Gail Davis: You mentioned another type of bias that's out there which is possibly racial bias. For me, in my perception, it seems like over time with new generations, that's changing. Does the male-female bias, has it changed with new generations along the way?

Margaret A. Neale There is a lot of hope especially among the millennials that this is a new world and a new change. We don't [00:09:30] see any empirical evidence to support that. We see women behaving differently. For example, let me talk a little bit about leadership, Kyle talked about leadership being primarily male. It turns out that there was a recent study done which was what's called a meta-analysis. They took the results of almost a hundred studies on leadership. They ended up with hundreds of thousands of data points. What they did was they were looking at two specific [00:10:00] questions that is, "How do men and women leaders rate themselves? Then how do the subordinates of men and women rate their leaders, their male and female leaders?"

They found it very interesting, one not particularly interesting but one really interesting result. The not particularly interesting result was they found that male leaders rate themselves as more effective than do female leaders. [00:10:30] Males typically are more confident about their abilities in this domain than women are. This is not a surprising finding. What was surprising to the researches was when they looked at the ratings of subordinates of their leaders, they found that women leaders were rated more highly on their leadership dimensions than were male leaders in all industries except for two. [00:11:00] Dare a guess which two industries that was?

Kyle Davis: I'm not even going to try. Okay. I'll take a crack at it.

Gail Davis: I think technology is going to be in there.

Margaret A. Neale Nope.

Gail Davis: No?

Kyle Davis: No?

Gail Davis: Okay.

Margaret A. Neale Military.

Gail Davis: Oh that was good.

Margaret A. Neale And government.

Gail Davis: Well, that makes-

Margaret A. Neale Technology, one of the things about technology, the technology industry is they so need innovation. [00:11:30] The two industries where men were perceived as better leaders were industries that were characterized by command and control, right, hierarchy. In the other industries, it's more collaborative. Women on average tend to be more participative, more collaborative than their male colleagues.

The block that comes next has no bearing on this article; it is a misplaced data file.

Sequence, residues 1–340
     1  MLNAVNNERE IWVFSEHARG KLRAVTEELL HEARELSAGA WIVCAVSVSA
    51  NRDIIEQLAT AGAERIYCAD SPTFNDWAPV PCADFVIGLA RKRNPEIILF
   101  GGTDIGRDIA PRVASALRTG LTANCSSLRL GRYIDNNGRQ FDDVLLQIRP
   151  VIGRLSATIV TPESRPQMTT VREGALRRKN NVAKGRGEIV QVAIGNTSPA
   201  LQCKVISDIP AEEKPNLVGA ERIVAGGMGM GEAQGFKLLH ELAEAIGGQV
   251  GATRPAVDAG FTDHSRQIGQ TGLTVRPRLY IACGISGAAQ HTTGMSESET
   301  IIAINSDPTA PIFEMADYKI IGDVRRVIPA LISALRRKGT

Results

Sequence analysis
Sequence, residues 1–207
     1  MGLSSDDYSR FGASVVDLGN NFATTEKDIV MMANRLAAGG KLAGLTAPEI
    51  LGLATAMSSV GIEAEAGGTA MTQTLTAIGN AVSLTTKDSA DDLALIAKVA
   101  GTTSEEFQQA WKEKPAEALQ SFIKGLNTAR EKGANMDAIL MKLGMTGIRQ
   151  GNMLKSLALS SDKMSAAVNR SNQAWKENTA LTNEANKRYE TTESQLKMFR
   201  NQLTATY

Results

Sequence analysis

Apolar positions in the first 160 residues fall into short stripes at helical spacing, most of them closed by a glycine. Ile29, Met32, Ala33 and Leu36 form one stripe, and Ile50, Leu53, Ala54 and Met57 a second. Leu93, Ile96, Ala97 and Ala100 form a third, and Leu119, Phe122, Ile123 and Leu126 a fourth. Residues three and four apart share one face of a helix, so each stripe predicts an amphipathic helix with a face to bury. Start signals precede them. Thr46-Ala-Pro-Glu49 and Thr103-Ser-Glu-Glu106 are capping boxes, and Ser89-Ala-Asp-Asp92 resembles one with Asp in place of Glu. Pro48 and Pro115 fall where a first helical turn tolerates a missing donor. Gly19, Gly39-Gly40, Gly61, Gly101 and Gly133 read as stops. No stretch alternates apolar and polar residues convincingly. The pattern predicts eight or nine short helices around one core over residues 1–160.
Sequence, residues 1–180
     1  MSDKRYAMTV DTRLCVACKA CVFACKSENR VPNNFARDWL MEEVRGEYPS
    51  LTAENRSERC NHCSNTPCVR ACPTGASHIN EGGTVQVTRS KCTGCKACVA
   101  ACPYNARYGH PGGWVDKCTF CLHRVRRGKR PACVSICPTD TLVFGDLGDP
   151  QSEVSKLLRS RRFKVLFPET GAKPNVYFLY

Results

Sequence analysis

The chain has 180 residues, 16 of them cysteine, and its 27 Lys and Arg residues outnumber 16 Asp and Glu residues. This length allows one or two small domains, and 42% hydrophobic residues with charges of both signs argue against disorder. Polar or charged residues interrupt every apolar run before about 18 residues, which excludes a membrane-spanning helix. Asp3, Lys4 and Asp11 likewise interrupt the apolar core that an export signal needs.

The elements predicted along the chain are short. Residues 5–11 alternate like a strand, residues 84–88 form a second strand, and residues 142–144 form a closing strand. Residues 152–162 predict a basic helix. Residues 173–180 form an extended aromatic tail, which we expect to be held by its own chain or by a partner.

Kyle Davis: Silicon Valley gets a lot of flag for not having enough women. Even in my time there, at least in the company that I worked with, it seemed very, almost like a 50-50 split or at least with public facing [00:12:00] individuals, not so much on the engineering side. You see that real push versus I'm thinking of a more traditional or legacy industries like investment banking. You don't see that many women or anything else like that. I guess my question for you and this goes into the composition aspect of creating a team is like what does that do and how does that yield results? Especially when innovation, and we're in a period of innovation, is so important?

Margaret A. Neale [00:12:30] Well, that's a very interesting question because one of the things, it brings into sharp relief is that how organizations are structured may not be optimal. There is this notion that well, if this is what organizations do, it must be good. What happens is we have a lot of inertia. Organizations, for example, that were command and control also were created and brought into fruition [00:13:00] during a time when women weren't in the workforce in the numbers they are now. That notion of creating that bias, the implicit bias about who can lead, that's what was so surprising about this research. I think that becomes so critical to understand is that what we see changing is we see actually that women are being perceived as better leaders on average than men.